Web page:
Lawrence Lessig’s Free Culture: Available in Text or Audio (For Free)

Lawrence Lessig, a law professor at Stanford, has made a big name for himself by developing a sustained critique of how Congress, at the behest of corporate America, has progressively stifled cultural and scientific innovation by extending the duration and scope of copyright laws. Out of this critique, Lessig founded Creative Commons, a non-profit which issues copyright licenses that allow authors and innovators to retain some control over their works yet “dedicate [them] to the public domain” where they will contribute to the flourishing of new culture. And, even better, Lessig has published some of his own important works under these licenses, including Free Culture: How Big Media Uses Technology and the Law to Lock Down Culture and Control Creativity. What this means is that you can freely access the book in a variety of different formats (click here to pick), even an audio book version. This makes it utterly easy to find out what Lessig’s groundbreaking arguments are all about. It gets his thinking out there, into the commons, and vigorously shapes the debate on copyright law. It brings about a free flow of ideas, the very thing that Lessig cares most about.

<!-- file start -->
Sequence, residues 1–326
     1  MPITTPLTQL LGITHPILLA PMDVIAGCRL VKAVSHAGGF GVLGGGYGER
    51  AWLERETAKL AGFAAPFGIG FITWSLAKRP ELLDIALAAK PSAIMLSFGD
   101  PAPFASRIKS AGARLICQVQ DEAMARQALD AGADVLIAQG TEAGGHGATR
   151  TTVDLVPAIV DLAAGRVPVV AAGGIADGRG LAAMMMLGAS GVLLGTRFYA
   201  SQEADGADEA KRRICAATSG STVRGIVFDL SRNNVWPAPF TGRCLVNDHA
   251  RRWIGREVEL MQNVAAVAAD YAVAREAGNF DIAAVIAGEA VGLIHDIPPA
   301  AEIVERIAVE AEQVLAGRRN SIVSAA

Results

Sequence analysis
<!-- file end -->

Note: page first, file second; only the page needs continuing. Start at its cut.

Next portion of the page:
Readers may also want to check out Lessig’s popular blog as well as his novel attempt to use a public wiki to update his book, Code and Other Laws of Cyberspace.

Finally, you may also want to check out the recent work published by Lessig’s peer at Yale, Yochai Benkler: The Wealth of Networks. Though released in hardcover, it is also freely available in wiki and PDF formats.

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Open Culture was founded by Dan Colman.